Outlaw Run at Silver Dollar City is a triple-inversion by Rocky Mountain Construction.

Outlaw Run at Silver Dollar City is a triple-inversion by Rocky Mountain Construction. (Rocky Mountain Construction / October 24, 2012)

Long a staple of amusement parks worldwide, wooden coasters fell out of favor with the emergence of modern steel coasters in the 1960s and looping inversions in the 1970s. A resurgence of wooden coasters in recent decades brought few innovations but plenty of headaches for parks that spent dearly keeping the high-maintenance rides from falling into disrepair.

Rocky Mountain's innovations utilized steel reinforcements to supplement wooden tracks typically held together by only nails, bolts and cross braces. The company's patent pending Topper Track (which replaces the top two layers of wooden track with steel rail) and Iron Horse treatment (which replaces the entire wooden track stack with a steel box) essentially function as rigid steel clamps around a flexible wooden frame.

"It's industry changing," Grubb said. "It's revolutionary."

The result is a smoother and faster ride that replicates the rambling and rumbling sensation of a wood coaster without the roughness that develops as the timber structure flexes with advancing age and weather fluctuations.

The iron exoskeleton also allowed Rocky Mountain engineer Alan Schilke to introduce steel coaster-like near-vertical drops, over-banked turns and barrel roll inversions to the wooden coaster vocabulary.

Schilke, who devised the Iron Horse track with Grubb, made his mark in the industry with his design for the prototype fourth dimension X coaster at California's Six Flags Magic Mountain while working for ride manufacturer Arrow Dynamics.

New York's Coney Island was home to several early looping coasters, including the 1901 Loop-the-Loop. Revolution, the first modern vertical looping coaster, opened in 1976 at Magic Mountain. The Corkscrew by Arrow Dynamics debuted the year before at nearby Knott's Berry Farm.

Rocky Mountain has been refurbishing aging Six Flags wooden coasters for several years, but it wasn't until the amusement park chain's Arlington, Texas park reopened the New Texas Giant in 2011 that the coaster community took notice of Rocky Mountain.

Originally built by Dinn Corporation in 1990, the $10-million rehabilitation of the New Texas Giant added a 79-degree first drop and beyond vertical banked turns along with a million pounds of steel via Rocky Mountain's Iron Horse treatment.

Coaster fanatics are eagerly awaiting the summer 2013 debut of the world's only inverted wooden coasters: Iron Rattler and Outlaw Run.

"The ride is completely different," Grubb said. "It's smooth as smooth can get."

The 1992 Rattler wooden coaster at Six Flags Fiesta Texas will be reborn as the Iron Rattler hybrid coaster with the Rocky Mountain Iron Horse treatment. The remade ride will remove the cliff-top triple helix while adding a barrel roll inversion and four beyond-vertical banked turns.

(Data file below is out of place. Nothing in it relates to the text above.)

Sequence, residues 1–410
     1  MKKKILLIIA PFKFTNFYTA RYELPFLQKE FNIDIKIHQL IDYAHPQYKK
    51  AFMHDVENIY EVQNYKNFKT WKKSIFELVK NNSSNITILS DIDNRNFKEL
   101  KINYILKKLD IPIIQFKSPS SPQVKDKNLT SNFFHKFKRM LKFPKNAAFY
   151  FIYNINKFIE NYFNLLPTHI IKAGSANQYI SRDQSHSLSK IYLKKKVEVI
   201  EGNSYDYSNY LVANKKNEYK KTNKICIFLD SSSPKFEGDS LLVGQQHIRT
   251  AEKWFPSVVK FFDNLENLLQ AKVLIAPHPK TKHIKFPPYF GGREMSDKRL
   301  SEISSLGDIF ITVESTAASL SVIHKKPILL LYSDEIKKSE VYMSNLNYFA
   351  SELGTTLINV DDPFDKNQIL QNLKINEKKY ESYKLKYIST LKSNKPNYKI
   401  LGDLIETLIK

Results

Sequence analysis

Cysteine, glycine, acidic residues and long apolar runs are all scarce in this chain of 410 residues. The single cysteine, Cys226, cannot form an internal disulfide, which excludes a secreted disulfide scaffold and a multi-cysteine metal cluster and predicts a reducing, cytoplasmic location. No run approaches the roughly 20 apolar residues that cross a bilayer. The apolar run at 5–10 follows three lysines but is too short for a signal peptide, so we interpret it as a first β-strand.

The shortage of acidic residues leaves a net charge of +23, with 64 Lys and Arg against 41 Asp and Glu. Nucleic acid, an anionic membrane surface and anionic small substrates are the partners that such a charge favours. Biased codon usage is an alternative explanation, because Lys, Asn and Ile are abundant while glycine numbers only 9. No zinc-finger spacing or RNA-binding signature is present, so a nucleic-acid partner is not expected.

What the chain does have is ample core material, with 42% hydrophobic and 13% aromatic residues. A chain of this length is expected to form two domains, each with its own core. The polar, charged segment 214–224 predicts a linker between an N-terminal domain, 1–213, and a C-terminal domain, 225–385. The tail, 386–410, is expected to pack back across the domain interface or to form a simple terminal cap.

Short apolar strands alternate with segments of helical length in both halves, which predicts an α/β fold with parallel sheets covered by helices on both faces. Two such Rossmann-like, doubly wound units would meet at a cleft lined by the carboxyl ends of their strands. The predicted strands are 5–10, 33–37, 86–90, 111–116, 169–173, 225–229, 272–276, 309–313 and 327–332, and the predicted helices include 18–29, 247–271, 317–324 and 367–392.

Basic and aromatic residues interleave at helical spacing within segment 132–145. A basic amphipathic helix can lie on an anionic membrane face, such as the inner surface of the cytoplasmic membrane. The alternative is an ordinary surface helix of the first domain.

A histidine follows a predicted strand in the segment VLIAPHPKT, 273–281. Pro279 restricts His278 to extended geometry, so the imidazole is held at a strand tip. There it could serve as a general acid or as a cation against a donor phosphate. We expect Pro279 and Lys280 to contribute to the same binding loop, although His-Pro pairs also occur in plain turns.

The $10-million Outlaw Run hybrid wood-steel coaster at Missouri's Silver Dollar City will feature a double barrel roll, a 153-degree over-banked turn and nine airtime hills along with Rocky Mountain Topper Track. The coaster also marks the debut of the new Rocky Mountain trains, which will reach 68 mph (the second fastest of any wooden coaster in the world) after descending an 81-degree first drop (the steepest of any wooden coaster in the world).

So if Rocky Mountain can build a wooden coaster with a barrel roll, might we eventually see a vertical loop, cobra roll, hammerhead, Immelmann loop or top hat element? Or possibly a launched, spinning, suspended, stand-up or winged wooden coaster?

"We feel we can put all the tricks in that steel coasters have," Grubb said. "Of course, we haven't developed them yet, but the potential is there. We talk about all kinds of different things."

According to Grubb, Rocky Mountain is in discussions about additional projects with Six Flags, which runs 13 amusement parks in North America, and Herschend Family Entertainment, which owns, operates or manages five U.S. parks: Silver Dollar City (Missouri), Dollywood (Tennessee), Darien Lake (New York), Wild Adventures (Georgia) and Elitch Gardens (Colorado).

Although Grubb refused to announce any park names or ride details, he did say Rocky Mountain has multiple projects planned for spring 2014.

Roller Coaster Database's Marden was decidedly less shy about picking his top candidates for Rocky Mountain makeovers: Cedar Point's Mean Streak, Six Flags Magic Mountain's Colossus, Knott's Berry Farm's Ghostrider, Busch Gardens Tampa's Gwazi, Wild Adventures' Cheetah and the Boss at Six Flags St. Louis.

Only time will tell what's next for Rocky Mountain, even if Grubb won't: "No comment," he said with a laugh.  

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